The University of Alabama’s robotics team added another championship to the college’s pile over the weekend.

Alabama Astrobotics, made up of engineering, computer science and other students from UA and Shelton State, bested nearly 50 teams from other institutions in the NASA Robotic Mining Competition. Their challenge? Build a robot capable of navigating and excavating a simulated Martian terrain.

Robots are judged based on their ability to operate without input and on their ability to gather soil.

But it’s not the first win for Alabama Astrobotics — they picked up the same prize last year, making them the first team to win back-to-back NASA titles, and bringing their total wins up to three.

Lead team member Joshua Yarbrough said he’s proud of their achievements.

“It’s never been done before in the seven years of the competition,” he said. “We worked our tails off all year long to get there, and it was very relieving to see our hard work pay off at the end of the week.”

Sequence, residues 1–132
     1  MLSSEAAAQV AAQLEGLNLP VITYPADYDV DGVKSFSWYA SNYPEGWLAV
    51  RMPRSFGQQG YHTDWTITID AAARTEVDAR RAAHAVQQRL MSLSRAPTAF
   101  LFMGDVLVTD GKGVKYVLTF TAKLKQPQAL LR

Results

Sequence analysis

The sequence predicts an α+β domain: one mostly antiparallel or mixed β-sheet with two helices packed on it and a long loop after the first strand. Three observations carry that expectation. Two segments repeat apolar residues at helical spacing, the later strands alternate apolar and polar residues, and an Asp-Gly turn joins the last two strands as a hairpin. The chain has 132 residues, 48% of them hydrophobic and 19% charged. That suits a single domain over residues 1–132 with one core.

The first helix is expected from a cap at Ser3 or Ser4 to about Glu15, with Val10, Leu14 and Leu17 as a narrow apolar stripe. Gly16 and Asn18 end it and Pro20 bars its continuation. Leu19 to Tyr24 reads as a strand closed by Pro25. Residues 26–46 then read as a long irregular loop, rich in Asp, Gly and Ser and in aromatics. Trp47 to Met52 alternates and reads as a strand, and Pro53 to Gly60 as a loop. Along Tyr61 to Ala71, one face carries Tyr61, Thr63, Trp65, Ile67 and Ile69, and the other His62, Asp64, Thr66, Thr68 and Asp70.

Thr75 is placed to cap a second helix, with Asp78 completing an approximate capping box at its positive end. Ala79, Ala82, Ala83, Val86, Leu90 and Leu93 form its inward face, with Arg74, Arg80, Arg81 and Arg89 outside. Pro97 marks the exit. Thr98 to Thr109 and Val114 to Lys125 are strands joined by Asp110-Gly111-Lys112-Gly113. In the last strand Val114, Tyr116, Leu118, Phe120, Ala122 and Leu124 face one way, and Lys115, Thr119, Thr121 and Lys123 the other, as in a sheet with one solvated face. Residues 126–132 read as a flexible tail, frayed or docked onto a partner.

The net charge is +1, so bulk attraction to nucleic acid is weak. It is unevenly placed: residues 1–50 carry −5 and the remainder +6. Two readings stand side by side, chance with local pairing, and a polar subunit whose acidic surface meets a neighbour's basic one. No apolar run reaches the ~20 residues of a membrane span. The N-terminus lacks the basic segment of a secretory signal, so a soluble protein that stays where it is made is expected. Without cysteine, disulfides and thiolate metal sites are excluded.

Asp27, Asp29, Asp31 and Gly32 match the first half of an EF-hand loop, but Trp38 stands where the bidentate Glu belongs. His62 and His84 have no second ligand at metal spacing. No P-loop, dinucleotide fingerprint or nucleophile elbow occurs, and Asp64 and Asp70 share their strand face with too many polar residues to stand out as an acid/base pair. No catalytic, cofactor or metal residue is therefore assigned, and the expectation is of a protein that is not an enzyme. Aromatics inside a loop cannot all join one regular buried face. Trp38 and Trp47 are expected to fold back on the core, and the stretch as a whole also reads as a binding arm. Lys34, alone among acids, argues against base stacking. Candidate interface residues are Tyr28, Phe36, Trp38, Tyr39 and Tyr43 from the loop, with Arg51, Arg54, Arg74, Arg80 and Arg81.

Alabama Astrobotics team adviser and UA associate professor of electrical and computer engineering Kenneth Ricks said the team performed wonderfully this year.

“Every year the level of competition improves across the board,” Ricks said in a UA news release. “What separated the UA robot from the others is that it performed well in all three areas: digging and collecting, robot mass and autonomy. That combination was unequaled by the competition.”

The competition was hosted at the Kennedy Space Center in Florida. Alabama Astrobotics placed first in the mining, autonomy and technical presentation categories, snagging the team $10,000 they’ll use on next year’s robot. The team is made up of about 40 students, and is advised by Ricks and Renea Randle, a math instructor at Shelton State.

To read more about the team’s win, visit

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